the quality of being religious or reverent
--Oxford American English Dictionary
Piety is a word that seems to have lost favor with the modern mainstream crowd. Once spoken of with reverence, piety now brings to mind (at least among my non-pagan peers), images of lampoonish religious devotion, including but not limited to hooded monks rhythmically pounding their foreheads with some anointed tome.
In real, everyday life, piety rarely looks similar to such flamboyant and stereotypical visions. Among pagans, true and sincere piety might be observed in the simple act of faithfully filling the bird feeder, or in taking a precious few minutes each day to pray to the Kindreds, or even in reviewing the daily obituaries and sending sympathy cards to surviving loved ones. To be sure, there are some grand gestures which absolutely fall within the realm of piety. For example, taking an oath before one's gods or constructing a personal or public nemeton. What all these acts, both great and small, have in common at their core is respect: respect for the gods, respect for our nature kin, and respect for the ancestors. Through the doing of these deeds intended to honor this respect, in these acts of piety, we manifest into this world a living and breathing *ghosti.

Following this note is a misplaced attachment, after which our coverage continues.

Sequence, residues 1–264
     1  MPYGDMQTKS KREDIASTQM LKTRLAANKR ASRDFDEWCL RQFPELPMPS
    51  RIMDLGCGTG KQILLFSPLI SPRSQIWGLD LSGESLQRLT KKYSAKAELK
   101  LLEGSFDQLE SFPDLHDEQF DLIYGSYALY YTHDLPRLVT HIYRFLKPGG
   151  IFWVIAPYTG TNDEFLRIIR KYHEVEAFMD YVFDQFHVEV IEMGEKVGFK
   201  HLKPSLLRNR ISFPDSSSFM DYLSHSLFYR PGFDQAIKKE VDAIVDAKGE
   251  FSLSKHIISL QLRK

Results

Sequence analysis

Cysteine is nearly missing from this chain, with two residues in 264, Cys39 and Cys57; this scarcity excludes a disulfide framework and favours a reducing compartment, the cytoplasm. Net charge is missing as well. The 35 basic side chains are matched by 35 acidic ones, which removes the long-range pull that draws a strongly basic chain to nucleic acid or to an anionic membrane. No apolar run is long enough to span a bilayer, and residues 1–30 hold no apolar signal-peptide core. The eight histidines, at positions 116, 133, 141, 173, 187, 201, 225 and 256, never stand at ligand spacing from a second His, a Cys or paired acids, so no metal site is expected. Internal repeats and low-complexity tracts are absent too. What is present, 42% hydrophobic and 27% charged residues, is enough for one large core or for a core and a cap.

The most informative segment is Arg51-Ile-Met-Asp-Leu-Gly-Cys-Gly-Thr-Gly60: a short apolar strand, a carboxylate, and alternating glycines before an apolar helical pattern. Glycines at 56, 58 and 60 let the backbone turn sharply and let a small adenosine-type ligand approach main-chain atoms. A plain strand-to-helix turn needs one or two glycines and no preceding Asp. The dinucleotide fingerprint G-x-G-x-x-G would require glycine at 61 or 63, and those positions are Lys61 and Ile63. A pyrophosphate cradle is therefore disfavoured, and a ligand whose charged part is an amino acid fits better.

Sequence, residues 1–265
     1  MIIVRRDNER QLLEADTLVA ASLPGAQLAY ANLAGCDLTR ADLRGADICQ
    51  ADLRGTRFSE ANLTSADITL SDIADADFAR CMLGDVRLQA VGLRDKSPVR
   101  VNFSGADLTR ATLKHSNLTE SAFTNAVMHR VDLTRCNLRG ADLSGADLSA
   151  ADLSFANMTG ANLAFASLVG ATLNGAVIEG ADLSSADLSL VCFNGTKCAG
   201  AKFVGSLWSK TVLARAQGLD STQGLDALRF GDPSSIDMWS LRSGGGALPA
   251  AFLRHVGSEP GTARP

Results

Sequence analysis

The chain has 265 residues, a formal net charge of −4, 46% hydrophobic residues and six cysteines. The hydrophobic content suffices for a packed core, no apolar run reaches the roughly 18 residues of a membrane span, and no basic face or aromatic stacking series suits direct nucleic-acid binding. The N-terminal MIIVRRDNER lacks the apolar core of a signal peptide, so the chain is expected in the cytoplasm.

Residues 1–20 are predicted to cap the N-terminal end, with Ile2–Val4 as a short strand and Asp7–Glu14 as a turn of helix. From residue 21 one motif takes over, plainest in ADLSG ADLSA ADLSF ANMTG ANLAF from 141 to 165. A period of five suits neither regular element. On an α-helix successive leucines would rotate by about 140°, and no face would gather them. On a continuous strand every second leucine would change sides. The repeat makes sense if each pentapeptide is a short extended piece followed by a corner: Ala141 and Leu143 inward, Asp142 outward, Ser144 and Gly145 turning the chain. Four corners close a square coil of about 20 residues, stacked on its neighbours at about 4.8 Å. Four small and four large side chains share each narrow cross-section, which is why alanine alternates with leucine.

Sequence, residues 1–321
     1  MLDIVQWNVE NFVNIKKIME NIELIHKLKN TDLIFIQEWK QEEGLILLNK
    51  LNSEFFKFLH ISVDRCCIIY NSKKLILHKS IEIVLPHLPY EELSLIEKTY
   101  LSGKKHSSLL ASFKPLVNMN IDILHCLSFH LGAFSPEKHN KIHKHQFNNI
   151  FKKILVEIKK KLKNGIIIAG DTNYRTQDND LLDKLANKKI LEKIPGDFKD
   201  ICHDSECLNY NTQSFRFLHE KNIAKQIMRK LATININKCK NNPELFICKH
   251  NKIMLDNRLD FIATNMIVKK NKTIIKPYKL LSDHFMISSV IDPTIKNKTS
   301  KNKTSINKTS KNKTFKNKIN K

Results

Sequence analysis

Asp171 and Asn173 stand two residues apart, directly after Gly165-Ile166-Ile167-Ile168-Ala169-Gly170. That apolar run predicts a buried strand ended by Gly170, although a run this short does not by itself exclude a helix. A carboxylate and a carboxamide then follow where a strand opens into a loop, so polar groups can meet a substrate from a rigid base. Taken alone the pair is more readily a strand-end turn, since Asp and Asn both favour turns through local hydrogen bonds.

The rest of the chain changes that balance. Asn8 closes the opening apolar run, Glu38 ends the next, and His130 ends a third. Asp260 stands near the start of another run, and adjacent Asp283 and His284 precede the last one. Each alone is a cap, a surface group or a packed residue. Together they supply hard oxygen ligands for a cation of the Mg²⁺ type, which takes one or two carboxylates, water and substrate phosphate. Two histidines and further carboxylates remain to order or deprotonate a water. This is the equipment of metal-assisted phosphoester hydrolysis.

It is these acts of piety which serve as our common covenant, a covenant of mutual hospitality, with the Kindred.
“Piety is a discipline of the will through respect. It admits the right
to exist of things larger than the ego, of things different from the
--Richard M. Weaver